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Fly-Fishing: Guessing game begins

Fly-Fishing: Guessing game begins

The spring mayfly hatches are under way, and any day now, we’ll be faced with a choice we look forwa

The spring mayfly hatches are under way, and any day now, we’ll be faced with a choice we look forward to making all winter: which fly to use?

Some fly-fishers have known for months which fly they’ll tie on when they encounter their first rising trout of 2009. They expect the first mayflies of the season to swim to the surface of the streams and wriggle free of their exoskeletons to be little Blue Winged Olives or Blue Quills, or maybe the bigger, meatier Hendricksons, and they’ll have the appropriate pattern ready to go.

Others will play it more by ear. After all, sometimes, the first surface action you get to experience isn’t a mayfly hatch, it’s an emergence of caddis flies. You may even find trout sipping midges, or lunging after early-season stoneflies returning to the stream to lay their eggs after mating. Or the trout may not be rising at all, and you’ll have to fish sub-surface if you want to catch anything.

Whether you walk to the water with a detailed plan or simply plan to play a hunch, picking the fly that will fool the wary trout is part of the fun.

My friend, Mike Bokan of Charlton, owner of the Flyshack in Gloversville, tells me his top-selling trout fly — locally and to his Internet customers across the country — is the Adams Parachute.

“It’s just such a great all-around imitation of so many different bugs,” Bokan said.

He noted that parachute-style flies ride with their bellies flush on the surface, and can suggest either a newly hatched dun or a spinner that’s already mated and returned to the stream to lay its eggs. Trout love them both.

Actually, the Top 10 list of Flyshack flies wouldn’t make a bad basic selection. The No. 2 choice of Bokan’s customers is the Blue Winged Olive dry, and with good reason — these little guys are often the first fly you see in the spring and the last one in the fall.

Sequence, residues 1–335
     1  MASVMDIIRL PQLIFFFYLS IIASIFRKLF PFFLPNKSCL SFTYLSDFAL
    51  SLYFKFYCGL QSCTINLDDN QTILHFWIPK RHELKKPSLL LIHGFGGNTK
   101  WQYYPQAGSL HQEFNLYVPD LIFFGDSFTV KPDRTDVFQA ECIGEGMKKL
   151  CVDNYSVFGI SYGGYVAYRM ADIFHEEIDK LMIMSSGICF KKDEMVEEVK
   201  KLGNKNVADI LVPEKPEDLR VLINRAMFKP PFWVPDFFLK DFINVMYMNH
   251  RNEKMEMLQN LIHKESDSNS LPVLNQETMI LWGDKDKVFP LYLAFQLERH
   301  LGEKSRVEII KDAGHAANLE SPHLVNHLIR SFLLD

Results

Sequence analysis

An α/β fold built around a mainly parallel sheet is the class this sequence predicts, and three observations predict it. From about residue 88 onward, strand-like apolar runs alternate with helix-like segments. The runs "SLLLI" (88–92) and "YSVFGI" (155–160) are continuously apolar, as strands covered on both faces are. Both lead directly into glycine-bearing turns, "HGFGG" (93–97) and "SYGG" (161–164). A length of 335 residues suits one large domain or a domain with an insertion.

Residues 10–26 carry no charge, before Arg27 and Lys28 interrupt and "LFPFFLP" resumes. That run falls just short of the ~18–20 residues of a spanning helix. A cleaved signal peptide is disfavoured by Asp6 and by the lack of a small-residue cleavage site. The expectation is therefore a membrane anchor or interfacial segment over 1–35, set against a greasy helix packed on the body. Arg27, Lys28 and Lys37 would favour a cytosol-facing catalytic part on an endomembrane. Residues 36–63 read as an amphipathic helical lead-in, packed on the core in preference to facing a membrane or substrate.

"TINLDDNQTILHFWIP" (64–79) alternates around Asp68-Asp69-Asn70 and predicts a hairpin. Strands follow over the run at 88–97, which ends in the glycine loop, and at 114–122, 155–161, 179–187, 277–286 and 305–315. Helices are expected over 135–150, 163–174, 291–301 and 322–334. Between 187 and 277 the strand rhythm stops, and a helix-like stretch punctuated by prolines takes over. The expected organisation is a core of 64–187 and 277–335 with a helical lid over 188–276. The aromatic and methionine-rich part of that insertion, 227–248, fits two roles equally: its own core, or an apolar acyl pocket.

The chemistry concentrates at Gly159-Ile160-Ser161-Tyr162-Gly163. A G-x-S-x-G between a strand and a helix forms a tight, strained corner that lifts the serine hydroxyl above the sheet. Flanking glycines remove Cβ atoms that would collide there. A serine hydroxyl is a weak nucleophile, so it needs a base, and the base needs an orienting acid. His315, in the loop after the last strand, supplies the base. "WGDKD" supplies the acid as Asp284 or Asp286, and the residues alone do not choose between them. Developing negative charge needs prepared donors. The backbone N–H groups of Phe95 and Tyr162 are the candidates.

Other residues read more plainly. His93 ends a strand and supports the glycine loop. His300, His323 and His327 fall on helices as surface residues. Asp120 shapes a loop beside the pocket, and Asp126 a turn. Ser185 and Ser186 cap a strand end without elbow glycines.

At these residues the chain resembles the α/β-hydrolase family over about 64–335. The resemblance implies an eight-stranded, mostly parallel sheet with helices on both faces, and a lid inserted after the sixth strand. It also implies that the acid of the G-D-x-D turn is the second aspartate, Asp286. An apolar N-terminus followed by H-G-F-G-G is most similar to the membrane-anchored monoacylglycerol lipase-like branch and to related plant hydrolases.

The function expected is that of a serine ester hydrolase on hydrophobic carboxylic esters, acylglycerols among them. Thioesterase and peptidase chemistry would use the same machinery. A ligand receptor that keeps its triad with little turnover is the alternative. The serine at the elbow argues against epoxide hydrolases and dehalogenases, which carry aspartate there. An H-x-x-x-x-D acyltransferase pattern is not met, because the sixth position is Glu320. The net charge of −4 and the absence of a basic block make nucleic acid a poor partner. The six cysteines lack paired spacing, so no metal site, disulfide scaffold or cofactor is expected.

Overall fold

No. 3 is the Bead-Head Prince, the buggy-looking, deep-sinking nymph that doesn’t imitate any insect but suggests many, especially stoneflies. I love it. No. 4 is the Elk-Hair Caddis in tan, another must-have throughout the season. The same fly in olive is the Flyshack’s ninth-most requested. The No. 5 fly on the list is the black Bead-Head Woolly Bugger (the olive version is No. 8).

The traditional Adams, with the grizzly and brown hackle feathers tied around the hook shank in a vertical plane rather than horizontally around the wings, is No. 6. It was originally designed to imitate caddis flies, even though the Adams has a tail and caddis flies don’t. In the right size, you could use it for any hatch of medium-to-dark-colored mayflies or caddis.

The Pheasant Tail nymph is No. 7

on the list. I would have expected it to rank higher. In small sizes, it’s a brilliant representation of Blue-Winged Olive or Sulfur nymphs, and tied larger, it’s a great match for many of the bigger species.

Rounding out the Top 10 is the Bead-Head Gold Ribbed Hare’s Ear, the shaggy, impressionistic bug that has saved the day countless times for generations of anglers. It is a good choice at any time.

The list of Flyshack best-sellers has a few glaring omissions. I’d feel unprepared if I didn’t have some light-colored mayflies, small and large; terrestrials such as ants, beetles and hoppers; some caddis larvae and pupae; emergers, like the Klinkhammer Special or the RS2; a few soft-hackled wet flies; and some egg patterns for cold-weather fishing.

Of course, it’s possible to get carried away. Some cranks like to

argue that two or three different flies will catch most fish. But where’s the fun in that?

The Flyshack is located at 15 West Fulton St. in Gloversville, and at www.flyshack.com.

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